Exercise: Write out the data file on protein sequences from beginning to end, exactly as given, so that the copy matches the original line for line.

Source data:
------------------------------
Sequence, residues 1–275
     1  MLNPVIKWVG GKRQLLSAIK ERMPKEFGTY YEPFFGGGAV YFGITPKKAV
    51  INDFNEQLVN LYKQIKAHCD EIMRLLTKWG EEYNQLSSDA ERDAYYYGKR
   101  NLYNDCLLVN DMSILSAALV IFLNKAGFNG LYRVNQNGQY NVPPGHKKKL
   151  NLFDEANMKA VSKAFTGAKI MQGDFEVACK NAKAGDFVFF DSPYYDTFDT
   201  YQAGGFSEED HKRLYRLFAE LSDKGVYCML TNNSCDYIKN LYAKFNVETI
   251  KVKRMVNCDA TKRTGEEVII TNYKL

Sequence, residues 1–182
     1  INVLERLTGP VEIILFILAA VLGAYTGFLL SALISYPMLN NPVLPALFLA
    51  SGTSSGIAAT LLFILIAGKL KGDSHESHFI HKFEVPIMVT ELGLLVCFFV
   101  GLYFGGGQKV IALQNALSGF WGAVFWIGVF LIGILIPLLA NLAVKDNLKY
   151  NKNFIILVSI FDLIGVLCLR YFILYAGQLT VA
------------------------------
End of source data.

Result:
Sequence, residues 1–275
     1  MLNPVIKWVG GKRQLLSAIK ERMPKEFGTY YEPFFGGGAV YFGITPKKAV
    51  INDFNEQLVN LYKQIKAHCD EIMRLLTKWG EEYNQLSSDA ERDAYYYGKR
   101  NLYNDCLLVN DMSILSAALV IFLNKAGFNG LYRVNQNGQY NVPPGHKKKL
   151  NLFDEANMKA VSKAFTGAKI MQGDFEVACK NAKAGDFVFF DSPYYDTFDT
   201  YQAGGFSEED HKRLYRLFAE LSDKGVYCML TNNSCDYIKN LYAKFNVETI
   251  KVKRMVNCDA TKRTGEEVII TNYKL

Sequence, residues 1–182
     1  INVLERLTGP VEIILFILAA VLGAYTGFLL SALISYPMLN NPVLPALFLA
    51  SGTSSGIAAT LLFILIAGKL KGDSHESHFI HKFEVPIMVT ELGLLVCFFV
   101  GLYFGGGQKV IALQNALSGF WGAVFWIGVF LIGILIPLLA NLAVKDNLKY
   151  NKNFIILVSI FDLIGVLCLR YFILYAGQLT VA